Millennial rental bill slides


Leaving home in the middle of a financial crisis, like most Millennials (those born between 1980-1996) did over a decade ago, made buying a home difficult.  Collectively, Millennials are likely to have paid more in rent than any other generation. 

At their peak in 2017, Millennials were paying £33.3bn in rent which made up 55% of the total rent bill.  But as the oldest Millennials turn 40, their rental bill is now dropping sharply as they become less likely to be a tenant and more likely to own their home. This year, Millennials are likely to pay £24.0bn in rent, 28% less than their 2017 peak.  They currently account for 42% of all rent paid in Great Britain.

With fewer Millennials renting, the overall amount of rent being paid is falling too. The total amount of rent paid by tenants across Great Britain has fallen 8% from a peak of £62.4bn in 2018 down to £57.3bn in 2021. This fall takes the amount of rent paid by tenants back below 2015 levels.

In previous years when the number of renters was growing, this figure would have been pushed back up by the next generation flying the nest. But Generation Z’s (those born between 1997-2012) bill is growing more slowly than Millennials’ ever did when they left home.

An average of 16 years younger than their Millennial counterparts, Generation Z’s total rent bill doubled from £1.8bn to £3.6bn between 2020 and 2021. This figure is likely to double again next year. However, the total amount of rent they pay is increasing at a slower rate than the Millennial rent bill ever did. Covid-19 is likely to have worsened this, with more would-be first-time renters staying at home with parents during the pandemic.

Among older generations, however, Generation X’s (those born between 1965-1980) rental bill has remained significantly higher than Baby Boomers. This is partly a product of them renting more expensive homes than any other generation. But with the average member of Generation X turning 50 this year, those who haven’t already bought are becoming increasingly less likely to do so.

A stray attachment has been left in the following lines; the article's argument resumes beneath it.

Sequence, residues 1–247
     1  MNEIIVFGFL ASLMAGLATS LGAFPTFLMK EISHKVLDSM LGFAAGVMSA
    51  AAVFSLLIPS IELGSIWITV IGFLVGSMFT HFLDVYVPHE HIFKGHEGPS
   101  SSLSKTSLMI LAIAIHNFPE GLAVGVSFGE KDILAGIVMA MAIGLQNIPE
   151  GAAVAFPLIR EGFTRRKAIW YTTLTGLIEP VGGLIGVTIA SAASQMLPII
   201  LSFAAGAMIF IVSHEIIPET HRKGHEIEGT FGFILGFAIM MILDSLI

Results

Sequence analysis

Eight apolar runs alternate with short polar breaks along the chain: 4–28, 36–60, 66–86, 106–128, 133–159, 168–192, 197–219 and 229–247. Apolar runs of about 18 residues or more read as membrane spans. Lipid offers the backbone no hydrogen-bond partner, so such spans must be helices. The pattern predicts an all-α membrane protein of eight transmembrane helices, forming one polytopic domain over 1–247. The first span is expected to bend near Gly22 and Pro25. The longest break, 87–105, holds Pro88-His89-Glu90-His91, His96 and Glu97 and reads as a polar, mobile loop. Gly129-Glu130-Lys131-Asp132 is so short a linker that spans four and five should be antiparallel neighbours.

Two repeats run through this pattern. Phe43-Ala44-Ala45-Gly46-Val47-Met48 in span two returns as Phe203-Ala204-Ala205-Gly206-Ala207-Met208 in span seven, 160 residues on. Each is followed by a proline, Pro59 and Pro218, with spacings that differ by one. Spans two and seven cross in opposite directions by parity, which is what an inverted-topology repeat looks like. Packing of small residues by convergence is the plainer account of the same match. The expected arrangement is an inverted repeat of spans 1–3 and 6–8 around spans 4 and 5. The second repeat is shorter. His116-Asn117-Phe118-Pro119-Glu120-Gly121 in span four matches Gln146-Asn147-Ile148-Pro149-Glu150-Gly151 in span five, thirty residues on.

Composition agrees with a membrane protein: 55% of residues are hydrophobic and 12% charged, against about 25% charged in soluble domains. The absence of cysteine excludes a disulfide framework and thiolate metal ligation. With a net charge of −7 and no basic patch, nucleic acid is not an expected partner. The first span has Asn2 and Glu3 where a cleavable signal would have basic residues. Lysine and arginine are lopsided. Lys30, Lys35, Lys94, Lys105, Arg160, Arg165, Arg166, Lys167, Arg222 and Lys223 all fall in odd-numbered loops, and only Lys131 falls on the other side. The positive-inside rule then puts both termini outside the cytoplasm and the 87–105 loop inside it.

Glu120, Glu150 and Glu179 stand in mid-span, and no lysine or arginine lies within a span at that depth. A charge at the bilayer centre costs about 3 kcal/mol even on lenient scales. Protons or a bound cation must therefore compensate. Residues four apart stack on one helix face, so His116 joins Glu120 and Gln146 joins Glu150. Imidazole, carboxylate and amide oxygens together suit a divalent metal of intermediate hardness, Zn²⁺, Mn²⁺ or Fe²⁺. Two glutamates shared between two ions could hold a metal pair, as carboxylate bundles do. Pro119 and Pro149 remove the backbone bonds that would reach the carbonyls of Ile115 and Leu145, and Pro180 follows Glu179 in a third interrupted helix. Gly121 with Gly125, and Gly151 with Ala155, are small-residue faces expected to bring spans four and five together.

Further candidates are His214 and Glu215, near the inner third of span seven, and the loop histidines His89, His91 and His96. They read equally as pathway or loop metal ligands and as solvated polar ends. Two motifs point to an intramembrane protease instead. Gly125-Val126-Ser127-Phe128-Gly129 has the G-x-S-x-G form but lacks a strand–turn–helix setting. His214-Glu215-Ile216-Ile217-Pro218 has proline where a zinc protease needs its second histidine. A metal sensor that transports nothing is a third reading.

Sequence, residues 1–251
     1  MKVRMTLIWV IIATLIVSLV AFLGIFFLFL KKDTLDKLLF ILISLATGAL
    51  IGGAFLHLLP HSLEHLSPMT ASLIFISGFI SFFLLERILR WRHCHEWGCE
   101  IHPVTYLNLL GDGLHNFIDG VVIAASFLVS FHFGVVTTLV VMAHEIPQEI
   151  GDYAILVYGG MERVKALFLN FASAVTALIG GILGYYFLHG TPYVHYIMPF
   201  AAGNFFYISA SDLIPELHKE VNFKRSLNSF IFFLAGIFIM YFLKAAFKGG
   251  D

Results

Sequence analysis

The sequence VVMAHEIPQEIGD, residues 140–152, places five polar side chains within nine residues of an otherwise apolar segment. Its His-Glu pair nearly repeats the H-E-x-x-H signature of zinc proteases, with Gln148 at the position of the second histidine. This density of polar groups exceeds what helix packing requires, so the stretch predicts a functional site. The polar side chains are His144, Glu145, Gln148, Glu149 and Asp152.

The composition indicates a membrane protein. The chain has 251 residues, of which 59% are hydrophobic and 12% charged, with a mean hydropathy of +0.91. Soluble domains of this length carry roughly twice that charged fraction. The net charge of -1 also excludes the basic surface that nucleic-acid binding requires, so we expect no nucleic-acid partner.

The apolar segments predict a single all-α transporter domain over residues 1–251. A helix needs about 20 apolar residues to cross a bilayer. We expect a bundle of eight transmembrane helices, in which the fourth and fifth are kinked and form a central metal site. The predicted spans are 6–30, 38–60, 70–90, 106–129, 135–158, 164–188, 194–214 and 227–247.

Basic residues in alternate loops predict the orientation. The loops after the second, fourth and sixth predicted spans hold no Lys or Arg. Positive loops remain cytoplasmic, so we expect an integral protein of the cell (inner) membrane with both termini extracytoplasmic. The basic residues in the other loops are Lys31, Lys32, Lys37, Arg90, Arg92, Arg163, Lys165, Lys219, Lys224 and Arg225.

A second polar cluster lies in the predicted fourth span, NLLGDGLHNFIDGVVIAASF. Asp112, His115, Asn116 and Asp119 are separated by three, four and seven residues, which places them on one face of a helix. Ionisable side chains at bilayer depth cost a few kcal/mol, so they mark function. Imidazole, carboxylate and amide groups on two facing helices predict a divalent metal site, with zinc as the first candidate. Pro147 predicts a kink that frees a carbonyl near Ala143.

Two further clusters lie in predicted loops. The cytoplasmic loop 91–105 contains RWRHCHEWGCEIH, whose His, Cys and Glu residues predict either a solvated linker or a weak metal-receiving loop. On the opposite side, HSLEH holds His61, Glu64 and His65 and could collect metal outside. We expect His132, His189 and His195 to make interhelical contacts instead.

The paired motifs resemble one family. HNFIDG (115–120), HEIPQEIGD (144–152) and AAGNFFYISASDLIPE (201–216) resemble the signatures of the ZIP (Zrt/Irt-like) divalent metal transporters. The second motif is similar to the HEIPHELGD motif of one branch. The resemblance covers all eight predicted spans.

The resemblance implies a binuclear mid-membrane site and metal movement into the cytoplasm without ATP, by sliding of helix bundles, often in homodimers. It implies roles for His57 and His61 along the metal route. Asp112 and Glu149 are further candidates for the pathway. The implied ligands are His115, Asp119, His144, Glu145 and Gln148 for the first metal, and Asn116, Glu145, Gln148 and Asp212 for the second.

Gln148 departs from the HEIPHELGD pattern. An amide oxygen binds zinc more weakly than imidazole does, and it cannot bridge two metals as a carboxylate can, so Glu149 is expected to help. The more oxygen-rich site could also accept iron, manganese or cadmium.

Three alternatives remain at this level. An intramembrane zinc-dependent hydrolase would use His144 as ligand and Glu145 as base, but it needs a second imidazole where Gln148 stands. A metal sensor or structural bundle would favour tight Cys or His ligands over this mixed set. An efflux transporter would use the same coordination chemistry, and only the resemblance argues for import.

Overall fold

Looking ahead, we expect Millennial’s collective rental bill to continue dropping sharply for the next couple of years before flattening out as those who want, or are able to buy, have already done so. If current trends continue, Millennials could be paying the same amount of rent as Generation Z within five years. And the rental sector is likely to continue shrinking as a result.

Rental Growth

Rental Growth

Rents in Great Britain continue to pick up pace. The average rent of a new let in Great Britain rose 7.4% or £75 in August compared to the same month in 2020 to stand at £1,085 pcm. This time last year rents fell 1.0% annually. Southern regions outside of London continued to see the strongest growth. Rents in the South West rose 13.9%, followed by the South East (12.8%) and the East of England (10.9%) . London saw the weakest growth, with rents up 1.4% annually. While rental growth in Outer London softened a little to 3.9% in August, Inner London rents continued to recover. The average rent in Inner London remains 8.8% cheaper than in August 2020, however rents rose 5.8% or £116 between July and August this year.